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Inclusive Elliott Larsen Delayed Because of Federal EEOC Rulings

By |2014-11-12T09:00:00-05:00November 12th, 2014|Michigan, News|

LANSING – The decades long fight to amend Michigan’s civil rights act – The Elliott Larsen Civil Rights Act – to include protections for the LGBT community may hinge on the inclusion of gender identity and expression. Both Speaker of the House Jase Bolger (R-Marshall) and Jim Murray, president of AT&T Michigan, as well co-chair of the Competitive Workforce Coalition, have noted that federal Equal Employment Opportunity Commission rulings have extended employment protections to the transgender community.
For Bolger, that means he is not “inclined to add gender identity specifically to Elliott-Larsen.”
“You can make a case that the definitions used for sexual orientation, gender identity and the EEOC rulings would cover gender identity and expression under sex discrimination in Elliott-Larsen,” says Murray.
But relying on the federal EEOC process can take years and would leave protections up to the whims of the courts say advocates for including gender identity in the legislation.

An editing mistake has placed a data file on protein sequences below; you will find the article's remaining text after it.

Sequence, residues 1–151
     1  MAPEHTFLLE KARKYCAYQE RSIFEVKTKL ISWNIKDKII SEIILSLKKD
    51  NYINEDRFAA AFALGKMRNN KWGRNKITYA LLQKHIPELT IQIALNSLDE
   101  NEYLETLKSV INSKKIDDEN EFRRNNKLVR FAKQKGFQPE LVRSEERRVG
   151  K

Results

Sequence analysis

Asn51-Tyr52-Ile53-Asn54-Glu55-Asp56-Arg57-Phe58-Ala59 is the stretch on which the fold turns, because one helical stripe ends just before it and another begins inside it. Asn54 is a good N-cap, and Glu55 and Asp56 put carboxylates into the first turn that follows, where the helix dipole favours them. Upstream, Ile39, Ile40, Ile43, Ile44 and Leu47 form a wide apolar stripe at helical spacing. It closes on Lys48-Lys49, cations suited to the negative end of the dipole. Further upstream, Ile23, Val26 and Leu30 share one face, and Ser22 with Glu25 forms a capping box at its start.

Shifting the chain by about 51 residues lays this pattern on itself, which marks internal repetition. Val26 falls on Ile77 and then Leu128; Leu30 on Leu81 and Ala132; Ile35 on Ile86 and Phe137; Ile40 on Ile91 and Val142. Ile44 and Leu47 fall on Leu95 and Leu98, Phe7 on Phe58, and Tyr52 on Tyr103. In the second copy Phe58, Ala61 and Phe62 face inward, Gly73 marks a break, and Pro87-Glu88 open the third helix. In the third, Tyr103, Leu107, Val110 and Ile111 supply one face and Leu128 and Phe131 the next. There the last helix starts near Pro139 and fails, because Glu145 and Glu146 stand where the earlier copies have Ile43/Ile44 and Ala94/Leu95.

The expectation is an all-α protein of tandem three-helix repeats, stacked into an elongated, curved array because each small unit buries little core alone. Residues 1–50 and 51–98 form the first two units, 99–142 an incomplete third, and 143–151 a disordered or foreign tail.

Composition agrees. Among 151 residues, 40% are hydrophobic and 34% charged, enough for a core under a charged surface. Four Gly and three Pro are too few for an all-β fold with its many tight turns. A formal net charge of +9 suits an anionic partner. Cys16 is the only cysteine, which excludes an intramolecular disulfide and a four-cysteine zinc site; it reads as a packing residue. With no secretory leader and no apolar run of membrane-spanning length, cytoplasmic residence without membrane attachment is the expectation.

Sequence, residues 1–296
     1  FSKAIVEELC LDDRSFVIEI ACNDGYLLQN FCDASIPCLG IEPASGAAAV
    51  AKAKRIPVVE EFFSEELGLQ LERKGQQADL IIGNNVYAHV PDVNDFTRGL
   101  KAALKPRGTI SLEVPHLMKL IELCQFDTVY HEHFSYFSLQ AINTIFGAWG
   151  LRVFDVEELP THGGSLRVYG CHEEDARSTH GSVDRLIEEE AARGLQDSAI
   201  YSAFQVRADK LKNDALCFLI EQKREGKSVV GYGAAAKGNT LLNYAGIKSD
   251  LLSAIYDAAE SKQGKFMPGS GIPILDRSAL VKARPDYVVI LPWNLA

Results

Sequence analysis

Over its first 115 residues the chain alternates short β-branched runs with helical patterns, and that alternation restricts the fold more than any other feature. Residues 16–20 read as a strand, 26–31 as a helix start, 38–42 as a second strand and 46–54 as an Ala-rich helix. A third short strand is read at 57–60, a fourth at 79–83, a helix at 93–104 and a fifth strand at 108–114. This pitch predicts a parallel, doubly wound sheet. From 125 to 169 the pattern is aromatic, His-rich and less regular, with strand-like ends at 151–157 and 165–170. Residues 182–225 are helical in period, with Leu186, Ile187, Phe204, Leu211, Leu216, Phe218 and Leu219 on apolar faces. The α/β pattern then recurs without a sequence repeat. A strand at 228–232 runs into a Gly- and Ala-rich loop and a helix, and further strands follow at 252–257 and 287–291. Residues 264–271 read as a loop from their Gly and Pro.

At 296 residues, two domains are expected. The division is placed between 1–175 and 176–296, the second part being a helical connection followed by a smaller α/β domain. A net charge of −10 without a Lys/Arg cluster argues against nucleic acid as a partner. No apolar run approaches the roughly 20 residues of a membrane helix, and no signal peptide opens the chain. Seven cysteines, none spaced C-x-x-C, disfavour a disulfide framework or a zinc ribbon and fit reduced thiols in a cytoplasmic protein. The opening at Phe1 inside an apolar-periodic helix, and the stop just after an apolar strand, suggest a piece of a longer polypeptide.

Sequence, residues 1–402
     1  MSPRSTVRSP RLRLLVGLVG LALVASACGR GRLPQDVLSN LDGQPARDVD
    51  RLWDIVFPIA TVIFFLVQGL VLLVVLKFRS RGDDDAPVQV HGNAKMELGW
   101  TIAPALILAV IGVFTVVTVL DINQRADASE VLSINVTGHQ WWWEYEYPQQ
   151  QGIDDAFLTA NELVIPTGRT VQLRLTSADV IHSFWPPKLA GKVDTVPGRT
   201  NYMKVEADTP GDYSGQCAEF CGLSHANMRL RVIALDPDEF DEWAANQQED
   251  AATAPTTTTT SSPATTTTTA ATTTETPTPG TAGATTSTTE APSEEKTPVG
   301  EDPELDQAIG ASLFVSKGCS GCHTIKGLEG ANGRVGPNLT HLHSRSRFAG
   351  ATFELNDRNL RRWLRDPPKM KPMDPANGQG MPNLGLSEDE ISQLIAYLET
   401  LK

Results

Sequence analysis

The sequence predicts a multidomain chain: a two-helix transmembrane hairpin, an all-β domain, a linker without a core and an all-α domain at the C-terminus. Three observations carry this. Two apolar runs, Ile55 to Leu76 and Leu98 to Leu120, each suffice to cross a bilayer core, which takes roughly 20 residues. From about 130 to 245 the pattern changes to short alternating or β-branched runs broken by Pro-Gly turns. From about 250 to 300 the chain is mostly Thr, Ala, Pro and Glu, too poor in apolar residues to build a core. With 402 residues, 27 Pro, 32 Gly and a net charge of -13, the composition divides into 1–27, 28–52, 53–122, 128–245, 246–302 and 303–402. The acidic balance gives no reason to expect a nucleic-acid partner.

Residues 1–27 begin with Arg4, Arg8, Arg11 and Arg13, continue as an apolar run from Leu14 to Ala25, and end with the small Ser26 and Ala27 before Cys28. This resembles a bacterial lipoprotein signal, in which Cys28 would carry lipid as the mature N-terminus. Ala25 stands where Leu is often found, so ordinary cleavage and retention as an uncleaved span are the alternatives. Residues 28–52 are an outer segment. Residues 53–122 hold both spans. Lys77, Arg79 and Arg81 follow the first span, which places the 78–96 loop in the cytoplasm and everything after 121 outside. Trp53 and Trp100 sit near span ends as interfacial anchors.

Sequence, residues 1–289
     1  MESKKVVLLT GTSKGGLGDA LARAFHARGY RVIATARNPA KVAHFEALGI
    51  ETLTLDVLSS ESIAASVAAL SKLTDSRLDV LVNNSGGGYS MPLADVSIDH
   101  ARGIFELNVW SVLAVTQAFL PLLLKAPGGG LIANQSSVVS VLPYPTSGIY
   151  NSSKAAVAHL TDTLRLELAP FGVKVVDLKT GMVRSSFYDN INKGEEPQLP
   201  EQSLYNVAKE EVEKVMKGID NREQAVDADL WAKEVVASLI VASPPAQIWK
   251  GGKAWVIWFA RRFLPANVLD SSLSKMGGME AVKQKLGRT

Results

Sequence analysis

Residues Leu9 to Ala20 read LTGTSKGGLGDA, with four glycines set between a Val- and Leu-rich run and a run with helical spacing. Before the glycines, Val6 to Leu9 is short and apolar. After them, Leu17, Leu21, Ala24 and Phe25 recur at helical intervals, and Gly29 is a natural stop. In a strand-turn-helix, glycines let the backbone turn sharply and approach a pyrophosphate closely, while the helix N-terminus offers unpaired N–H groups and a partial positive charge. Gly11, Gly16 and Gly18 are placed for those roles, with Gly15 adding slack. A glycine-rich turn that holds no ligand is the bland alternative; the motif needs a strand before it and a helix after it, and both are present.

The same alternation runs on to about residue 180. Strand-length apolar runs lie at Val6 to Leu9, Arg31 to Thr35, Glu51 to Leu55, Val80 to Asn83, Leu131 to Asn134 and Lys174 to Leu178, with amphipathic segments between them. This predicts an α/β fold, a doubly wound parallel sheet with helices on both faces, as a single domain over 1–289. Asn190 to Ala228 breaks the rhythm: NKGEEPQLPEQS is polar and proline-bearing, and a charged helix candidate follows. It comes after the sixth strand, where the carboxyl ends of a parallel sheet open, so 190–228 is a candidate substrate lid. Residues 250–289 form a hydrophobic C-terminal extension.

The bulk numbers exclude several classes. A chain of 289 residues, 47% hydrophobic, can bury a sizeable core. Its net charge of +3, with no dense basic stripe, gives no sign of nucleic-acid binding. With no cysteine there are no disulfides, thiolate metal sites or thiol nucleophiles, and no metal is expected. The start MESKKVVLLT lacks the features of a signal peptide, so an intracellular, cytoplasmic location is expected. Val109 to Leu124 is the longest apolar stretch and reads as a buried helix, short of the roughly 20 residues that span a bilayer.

“It’s much better to have the question settled with a law rather than case by case and court by court,” says Kary Moss, executive director of ACLU Michigan. “It’s really not any answer.”
The EEOC ruling would only cover employment related complaints, Moss notes. Discrimination in public accommodations or housing would remain unprotected if Elliott-Larsen is amended without including gender identity and expression.
Chai Feldblum, the only out LGBT EEOC Commissioner, told Buzzfeed news that the EEOC ruling had weaknesses worth acknowledging.
She noted the determination by the EEOC is advisory only, and courts are not obligated to follow it. However she said the determination by the Commission did have “real, practical effects.” She noted a federal law would certainly have a greater impact.

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